Support for Physician-Assisted Suicide Requires a Blind Eye to Past, Present, and Future Abuses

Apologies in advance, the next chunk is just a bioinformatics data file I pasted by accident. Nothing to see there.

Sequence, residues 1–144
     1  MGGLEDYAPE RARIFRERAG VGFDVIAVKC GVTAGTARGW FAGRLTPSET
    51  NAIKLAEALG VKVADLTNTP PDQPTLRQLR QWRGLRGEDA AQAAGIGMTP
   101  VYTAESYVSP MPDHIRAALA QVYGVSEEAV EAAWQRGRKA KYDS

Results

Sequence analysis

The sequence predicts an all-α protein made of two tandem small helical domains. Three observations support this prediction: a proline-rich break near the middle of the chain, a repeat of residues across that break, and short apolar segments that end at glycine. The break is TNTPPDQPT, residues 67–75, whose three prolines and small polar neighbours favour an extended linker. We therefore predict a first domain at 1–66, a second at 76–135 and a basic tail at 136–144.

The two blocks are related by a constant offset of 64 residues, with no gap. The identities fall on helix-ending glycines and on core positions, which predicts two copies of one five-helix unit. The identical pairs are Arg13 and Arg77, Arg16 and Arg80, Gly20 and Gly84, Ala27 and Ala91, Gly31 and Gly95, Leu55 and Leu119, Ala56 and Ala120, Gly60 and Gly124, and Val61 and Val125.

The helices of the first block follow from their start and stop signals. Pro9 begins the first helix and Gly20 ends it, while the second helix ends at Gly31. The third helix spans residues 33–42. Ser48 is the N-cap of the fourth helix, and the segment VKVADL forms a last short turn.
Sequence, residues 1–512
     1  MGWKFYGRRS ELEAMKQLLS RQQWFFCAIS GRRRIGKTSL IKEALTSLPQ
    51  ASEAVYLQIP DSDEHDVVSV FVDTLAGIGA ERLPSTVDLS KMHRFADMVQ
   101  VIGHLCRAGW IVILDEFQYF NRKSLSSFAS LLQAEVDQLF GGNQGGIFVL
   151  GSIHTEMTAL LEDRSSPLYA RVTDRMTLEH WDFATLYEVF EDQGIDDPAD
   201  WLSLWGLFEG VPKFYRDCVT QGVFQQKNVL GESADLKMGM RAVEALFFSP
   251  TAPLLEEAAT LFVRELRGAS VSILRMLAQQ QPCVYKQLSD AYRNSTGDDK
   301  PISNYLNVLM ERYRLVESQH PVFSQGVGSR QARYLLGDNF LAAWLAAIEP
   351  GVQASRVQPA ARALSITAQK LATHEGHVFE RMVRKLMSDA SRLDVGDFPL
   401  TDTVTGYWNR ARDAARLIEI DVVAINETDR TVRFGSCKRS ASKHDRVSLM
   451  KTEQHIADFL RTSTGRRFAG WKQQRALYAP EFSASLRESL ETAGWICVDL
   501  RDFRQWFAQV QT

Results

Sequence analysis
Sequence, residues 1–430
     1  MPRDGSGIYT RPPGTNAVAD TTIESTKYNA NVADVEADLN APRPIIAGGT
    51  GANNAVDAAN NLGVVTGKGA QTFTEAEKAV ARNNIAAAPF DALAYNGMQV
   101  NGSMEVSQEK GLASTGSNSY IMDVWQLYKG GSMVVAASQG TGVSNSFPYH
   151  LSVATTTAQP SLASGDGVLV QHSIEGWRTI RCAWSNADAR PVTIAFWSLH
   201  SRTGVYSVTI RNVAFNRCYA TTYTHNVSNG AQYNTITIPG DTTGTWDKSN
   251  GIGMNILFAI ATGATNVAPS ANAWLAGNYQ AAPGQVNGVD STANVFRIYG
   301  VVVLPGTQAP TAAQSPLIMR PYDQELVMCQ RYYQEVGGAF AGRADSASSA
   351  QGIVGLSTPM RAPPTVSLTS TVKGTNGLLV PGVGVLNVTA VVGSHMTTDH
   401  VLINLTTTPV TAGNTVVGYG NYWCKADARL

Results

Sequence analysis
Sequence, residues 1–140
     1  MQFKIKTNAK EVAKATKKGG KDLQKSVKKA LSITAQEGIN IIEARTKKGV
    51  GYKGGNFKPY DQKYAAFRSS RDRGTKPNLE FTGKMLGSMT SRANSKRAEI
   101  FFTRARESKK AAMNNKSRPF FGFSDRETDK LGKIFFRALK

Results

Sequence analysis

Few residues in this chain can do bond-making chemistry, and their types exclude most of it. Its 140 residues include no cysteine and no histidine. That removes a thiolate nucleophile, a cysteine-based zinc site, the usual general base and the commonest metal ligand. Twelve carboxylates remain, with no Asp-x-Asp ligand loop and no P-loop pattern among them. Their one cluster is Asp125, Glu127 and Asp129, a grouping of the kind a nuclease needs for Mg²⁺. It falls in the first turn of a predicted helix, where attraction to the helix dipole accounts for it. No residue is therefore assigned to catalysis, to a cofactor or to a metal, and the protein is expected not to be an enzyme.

I’ve known bioethicist Art Caplan for over 25 years. During that time span we have corresponded back and forth many, many times. He held positions that differ from National Right to Life’s from mildly different to radically, whole-heartedly different. Why do I mention this? For two reasons. Caplan is, as he is often described, the “go-to” bioethicist whenever the media is looking for an “objective” perspective on just about every imaginable issue that falls under the (self-appointed) purview of bioethicists. And second, because Caplan is seemingly omnipresent–on network and cable television, on op-ed pages, in news stories, and more specialized academic publications–his views carry weight. There was never any doubt that Caplan would eventually go public with what clearly (to anyone reading his comments) was his private opinion: that whatever reasons there were previously to oppose legalizing physician-assisted suicide, experience had taught us (or at least Caplan) that legalizing assisted suicide would not unleash an anti-life genii which would wreak widespread havoc. We’ve reposted elsewhere a terrific response from Nancy Valko which offers a fine-grained critique of the bottomless well of dubious assumptions Caplan relies on. She honed in on the very shaky unpinning of Caplan’s argument in “More States Approve Physician-Assisted Dying. Is This Risky?“: that there is no slippery slope. Or, to more accurate, there hasn’t been in the United States and won’t be in the future. No one, including Caplan, could miss that the euthanasia/assisted suicide train had long since left the only-when-the-patient-is-terminal-and-in-pain station. It is running wildly off track. So what is Caplan’s answer to his own recitation of the grim facts–people are not terminally...